Vilseck Falcons light up the night
September 12, 2011
GRAFENWOEHR, Germany -- It was a remarkable turn of events. A simple running track was transformed into a football field, seemingly overnight, and the ominous skies delivered a blessing, instead of a deluge. One group of athletes challenged the favored team, and won. On Sept. 2, at the Grafenwoehr Fitness Center sports field, here, the lights burned bright on a spectacle that should not have happened but did. And it was a mighty sight.
In a nod to the American television show of the same name, "Friday Night Lights" fashioned nostalgic hometown football -- under blazing stadium lights -- out of what should have been an ordinary scrimmage.
The Vilseck High School Falcons football team was originally scheduled to play another American team, but the game fell through. The setback allowed the Falcons to challenge a different kind of foe -- the Oberpfalz Spartans, a German team comprised of young players from Neumarkt, Regensburg and Grafenwoehr.
Two hours before kick-off, darkening clouds threatened to delay or cancel the game. Instead, a light sprinkle gave way to twin rainbows, perhaps promising great things to come. Back on the ground, great things had already arrived. New goal posts reached for the clearing skies, towering over an expertly-painted field. The game's announcers looked sharp, perched above the spectators in their freshly constructed field box. The field was built, and the fans came. The players soon followed.
The visiting team exploited the pop-culture association of their name. Their team mascot, in full "300" dress -- complete with red cape -- welcomed a screaming horde of Spartans onto the field. The Falcons retorted, bursting through their banner to the roar of over 500 supporters. The Spartans won the coin toss and elected to receive the ball, finally leading to the key question of the night.
"Ladies and Gentlemen, are you ready for some football?" asked Staff Sgt. Frank Brown of the American Forces Network Bavaria. The crowd responded with a respectable level of cheering.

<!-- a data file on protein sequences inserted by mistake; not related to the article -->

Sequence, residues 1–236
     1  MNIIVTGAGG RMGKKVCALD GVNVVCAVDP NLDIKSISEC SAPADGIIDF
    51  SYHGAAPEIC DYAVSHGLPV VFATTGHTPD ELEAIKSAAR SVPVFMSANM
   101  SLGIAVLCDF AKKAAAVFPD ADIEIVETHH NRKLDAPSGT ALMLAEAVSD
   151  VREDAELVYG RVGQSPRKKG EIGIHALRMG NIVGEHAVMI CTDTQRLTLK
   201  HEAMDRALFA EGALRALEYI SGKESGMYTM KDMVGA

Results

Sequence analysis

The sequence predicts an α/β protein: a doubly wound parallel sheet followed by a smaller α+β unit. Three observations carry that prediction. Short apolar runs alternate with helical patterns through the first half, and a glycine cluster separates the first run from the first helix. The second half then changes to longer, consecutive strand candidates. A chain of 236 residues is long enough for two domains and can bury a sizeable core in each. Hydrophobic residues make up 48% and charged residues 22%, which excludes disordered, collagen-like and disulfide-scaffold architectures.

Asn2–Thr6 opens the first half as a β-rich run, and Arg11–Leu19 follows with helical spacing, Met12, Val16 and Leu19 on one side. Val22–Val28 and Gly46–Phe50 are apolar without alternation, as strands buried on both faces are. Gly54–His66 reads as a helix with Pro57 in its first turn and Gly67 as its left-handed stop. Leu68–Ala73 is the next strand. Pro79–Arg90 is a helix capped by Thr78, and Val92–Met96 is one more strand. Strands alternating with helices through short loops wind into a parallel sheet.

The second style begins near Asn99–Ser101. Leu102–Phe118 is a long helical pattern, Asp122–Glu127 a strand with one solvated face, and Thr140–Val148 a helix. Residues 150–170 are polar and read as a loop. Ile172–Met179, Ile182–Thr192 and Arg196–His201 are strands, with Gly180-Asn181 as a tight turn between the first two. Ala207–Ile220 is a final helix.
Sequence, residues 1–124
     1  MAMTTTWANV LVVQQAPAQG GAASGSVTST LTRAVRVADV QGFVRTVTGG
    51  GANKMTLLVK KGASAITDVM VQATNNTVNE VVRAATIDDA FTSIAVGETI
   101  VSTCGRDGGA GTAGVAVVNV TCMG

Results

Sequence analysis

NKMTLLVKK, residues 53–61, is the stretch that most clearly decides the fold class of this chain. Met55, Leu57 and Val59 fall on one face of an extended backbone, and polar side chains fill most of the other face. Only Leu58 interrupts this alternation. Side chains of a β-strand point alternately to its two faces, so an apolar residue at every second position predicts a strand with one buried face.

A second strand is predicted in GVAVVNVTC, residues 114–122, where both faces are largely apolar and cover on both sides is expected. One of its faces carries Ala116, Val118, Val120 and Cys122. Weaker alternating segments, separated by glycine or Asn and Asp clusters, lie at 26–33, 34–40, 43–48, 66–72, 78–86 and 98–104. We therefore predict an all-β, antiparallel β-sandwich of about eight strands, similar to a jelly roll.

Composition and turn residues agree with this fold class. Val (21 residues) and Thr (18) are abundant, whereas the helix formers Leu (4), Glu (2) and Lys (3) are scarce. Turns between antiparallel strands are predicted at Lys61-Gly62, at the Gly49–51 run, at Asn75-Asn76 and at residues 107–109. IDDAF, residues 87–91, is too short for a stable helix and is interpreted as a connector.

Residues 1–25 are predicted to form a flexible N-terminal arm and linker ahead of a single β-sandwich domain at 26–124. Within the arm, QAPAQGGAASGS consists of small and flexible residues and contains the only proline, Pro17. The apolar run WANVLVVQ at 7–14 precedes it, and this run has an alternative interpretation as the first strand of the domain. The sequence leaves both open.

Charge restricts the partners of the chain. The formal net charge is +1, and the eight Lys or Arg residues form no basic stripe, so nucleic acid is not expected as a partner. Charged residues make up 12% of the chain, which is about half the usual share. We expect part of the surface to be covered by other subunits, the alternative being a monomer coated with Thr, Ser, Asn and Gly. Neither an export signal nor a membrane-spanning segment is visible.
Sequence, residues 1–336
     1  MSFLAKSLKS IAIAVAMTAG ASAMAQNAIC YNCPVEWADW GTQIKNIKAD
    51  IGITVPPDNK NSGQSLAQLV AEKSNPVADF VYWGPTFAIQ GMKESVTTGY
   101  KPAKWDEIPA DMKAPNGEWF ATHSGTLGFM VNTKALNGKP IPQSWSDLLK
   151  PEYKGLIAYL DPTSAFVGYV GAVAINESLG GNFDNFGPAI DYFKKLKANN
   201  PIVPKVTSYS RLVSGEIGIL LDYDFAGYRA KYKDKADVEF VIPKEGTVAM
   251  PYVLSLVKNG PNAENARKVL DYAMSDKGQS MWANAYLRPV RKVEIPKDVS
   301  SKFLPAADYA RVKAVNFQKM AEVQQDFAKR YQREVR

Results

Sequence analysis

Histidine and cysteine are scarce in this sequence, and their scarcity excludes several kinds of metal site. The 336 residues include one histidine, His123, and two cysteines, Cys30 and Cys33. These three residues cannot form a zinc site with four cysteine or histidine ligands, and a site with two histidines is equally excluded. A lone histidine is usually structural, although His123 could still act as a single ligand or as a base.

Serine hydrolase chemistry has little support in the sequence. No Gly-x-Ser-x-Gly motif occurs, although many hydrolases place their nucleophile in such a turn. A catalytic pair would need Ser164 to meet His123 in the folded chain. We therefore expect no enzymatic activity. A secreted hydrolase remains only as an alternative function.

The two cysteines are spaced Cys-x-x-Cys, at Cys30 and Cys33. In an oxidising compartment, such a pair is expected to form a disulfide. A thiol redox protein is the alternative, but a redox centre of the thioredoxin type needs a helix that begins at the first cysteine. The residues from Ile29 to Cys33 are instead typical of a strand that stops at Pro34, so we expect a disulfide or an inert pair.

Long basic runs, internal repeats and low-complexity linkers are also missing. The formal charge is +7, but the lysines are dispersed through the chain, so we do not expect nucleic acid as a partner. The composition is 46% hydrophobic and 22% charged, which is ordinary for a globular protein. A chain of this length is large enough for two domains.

"We don't believe you," he continued. "Are you ready for some football?!" he said emphatically. The stands came alive.
On the first possession, the Falcons denied the Spartans a chance to score, forcing them to punt. On the return, Vilseck senior Tyler Lewis ran 73 yards for the first touchdown of the night. However, any lingering Falcon euphoria crashed soon into the second quarter, when Vilseck quarterback Miles Smiley was sacked and permanently sidelined with a leg injury. Despite the loss, the Falcons continued to throw numbers on the board, leading the Spartans 24-0 at halftime.
The big lead did nothing to allay Vilseck coach Jim Hall's frustration with his varsity line.
"The first six minutes were the best part of the ball game," said Hall.
After rebuking his team for a weak offensive line, Hall had a stern ultimatum for the second half -- start playing like a team, or prepare to watch the junior varsity line take over. Concern instantly replaced irritation when Hall asked a player about his injury and offered encouragement.
The window of reassurance quickly closed, and the Falcons coach talked about the need for less lollygagging and more hustle. The second half called. The Falcons heeded coach Hall's directive and scored two more touchdowns, with one two-point conversion. Vilseck senior Daniel Arroyo filled in for Miles Smiley and led his team to a final, crushing victory over the Spartans, 38-0.
Even in the absence of victory the Spartans kept their good cheer, continuing the chain of improbable events the night had revealed. Spartans coach Dave Darnall reflected on his team's attitude.
"These kids are awesome," said Darnall. "When we go home on the bus tonight, they won't be sad. They're just so excited that they get to play football."
Once the Spartan youth turn 19, they must pursue careers or find jobs. There is no college football or NFL draft in their future, making every second on the field, victory or no victory, precious. Coach Darnall did point out, though, that the Spartans had recently become league champions. Although it had a disappointing outcome, Friday's game was still a good cap on a winning season.
Meanwhile, Hall and his Vilseck squad were anticipating the season to come, and he had pointed criticism for the Falcons' performance.
"Tonight's game is a 'C- plus,'" said Hall, "but it's a start and tonight, hopefully, we ironed out the kinks."
Before the night was over there was hopeful talk of another Friday Night Lights for the following year. Somehow two different football teams, with two distinct styles of playing, even two sets of motivation -- one ending a season, one only just beginning -- brought a community together.
They gave it all, under the big lights, for nothing bigger than the love of the game. With any luck, it will happen again.